Venturi Antartica polar explorer nears completion


Long gone are the days when Venturi produced V6-powered performance cars like the pretty Atlantique coupe and Transcup roadster. Since the turn of the millennium, the focus for the Monegasque company has turned to electric power, as evidenced by its Formula E team and current line-up, which is comprised of EVs. They're not all boring ecoboxes, however, with three being compact sports cars and the next arrival taking the shape of an ultra-rugged vehicle called the Antartica.

As its name suggests, this pod-cum-snowmobile is designed to work in some of the world's coldest climates as a zero-emission polar exploration vehicle. If that sends alarm bells ringing in your head because, well, freezing air temperatures aren't exactly a battery's favourite thing, Venturi assures us that its latest project, which was initiated by Monaco's Prince Albert II via his foundation and is backed by an astronaut and explorer no less, has overcome such problems.


As pre-production testing nears completion, the company says the Antartica has run in temperatures as low as -40 degrees Celsius and is capable of travelling for up to 28 miles, thanks to its use of a twin-motor setup producing 80hp. While its range might seem miniscule compared to the latest 200-mile EVs set to arrive on the car market, it's impressive for a vehicle that'll work in such inhospitable conditions. Plus, scientists located near to the Earth's poles tend to stick close to their base, for obvious reasons.

The extensive use of glass means Antartica can provide its driver with an uninterupted 180-degree view of the landscape ahead. There are two side doors and two windows at the front and rear, to make it easy for scientists wrapped in multiple layers of thermals to hop in and out onto the snow.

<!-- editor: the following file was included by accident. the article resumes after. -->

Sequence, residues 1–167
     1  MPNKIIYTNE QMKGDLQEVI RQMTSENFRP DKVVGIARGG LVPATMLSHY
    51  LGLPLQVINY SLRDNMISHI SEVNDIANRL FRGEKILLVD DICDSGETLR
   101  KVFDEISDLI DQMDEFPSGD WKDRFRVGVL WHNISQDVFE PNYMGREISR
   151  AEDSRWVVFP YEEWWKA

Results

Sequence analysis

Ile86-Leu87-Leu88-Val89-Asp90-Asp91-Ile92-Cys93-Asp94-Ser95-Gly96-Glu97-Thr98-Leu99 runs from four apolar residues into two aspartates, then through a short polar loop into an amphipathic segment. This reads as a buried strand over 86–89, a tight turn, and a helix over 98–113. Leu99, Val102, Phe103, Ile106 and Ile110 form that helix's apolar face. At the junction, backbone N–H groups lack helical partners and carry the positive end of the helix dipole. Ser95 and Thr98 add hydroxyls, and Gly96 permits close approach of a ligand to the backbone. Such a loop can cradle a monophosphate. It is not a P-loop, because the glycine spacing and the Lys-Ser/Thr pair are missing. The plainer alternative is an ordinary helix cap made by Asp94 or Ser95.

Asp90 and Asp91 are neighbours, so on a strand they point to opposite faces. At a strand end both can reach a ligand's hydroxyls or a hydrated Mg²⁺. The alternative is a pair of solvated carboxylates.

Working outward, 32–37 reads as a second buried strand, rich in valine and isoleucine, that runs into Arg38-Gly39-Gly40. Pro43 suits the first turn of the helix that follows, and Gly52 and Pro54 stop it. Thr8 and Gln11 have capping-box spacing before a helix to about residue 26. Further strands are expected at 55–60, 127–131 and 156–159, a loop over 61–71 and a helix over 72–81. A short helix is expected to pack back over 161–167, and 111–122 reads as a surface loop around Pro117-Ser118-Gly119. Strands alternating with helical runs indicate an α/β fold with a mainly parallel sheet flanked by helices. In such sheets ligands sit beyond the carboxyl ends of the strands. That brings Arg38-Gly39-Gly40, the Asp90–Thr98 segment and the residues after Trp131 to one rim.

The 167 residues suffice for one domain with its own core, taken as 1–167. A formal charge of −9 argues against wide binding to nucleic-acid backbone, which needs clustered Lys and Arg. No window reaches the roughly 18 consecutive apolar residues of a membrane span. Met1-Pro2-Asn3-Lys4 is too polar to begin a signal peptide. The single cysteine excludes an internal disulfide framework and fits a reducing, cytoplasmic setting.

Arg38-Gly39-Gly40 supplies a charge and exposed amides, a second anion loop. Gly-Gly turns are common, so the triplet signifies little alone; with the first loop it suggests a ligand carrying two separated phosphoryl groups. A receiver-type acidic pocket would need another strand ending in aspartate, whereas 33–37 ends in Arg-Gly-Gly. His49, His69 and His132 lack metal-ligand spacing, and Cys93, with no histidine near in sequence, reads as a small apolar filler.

Looking more like something that would emerge from Thunderbird 2 than a scientific tool, Antartica can be forgiven for its rather sluggish 12.5mph top speed, then. Besides, Prince Albert II's idea to bring near silent, zero-emission transport to some of the most fragile regions of the Earth is an admirable one. Quite the forethought for a man who also loves his supercars and motorsport.


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Comments (16) Join the discussion on the forum

  • steveb8189 06 Feb 2019

    looks pretty cool but a 28 mile range means you can probably only travel 10 miles somewhere and back without too much range anxiety. Doesn't that mean you're ship or base with a diesel generator to power recharge the thing still pollutes pretty locally? Are any of these polar exploration ships nuclear?

  • 1781cc 06 Feb 2019

    Just don't rescue any lone huskies or we are all in the sh*t!

  • cookie1600 06 Feb 2019

    Looks like William Towns was way ahead of things on the 'all round vision' front many years ago:



    Couple of tracks on the evolution of this, the Elswick Envoy, add a 'leccy motor and jobs a good 'un


  • Du1point8 06 Feb 2019

    Wonder if the crap range is due to the batteries keeping the cab warm?

    What they need is a Radioisotope thermoelectric generator, then they can remove the batteries and keep warm too.

  • GranCab 06 Feb 2019

    All you need is .....



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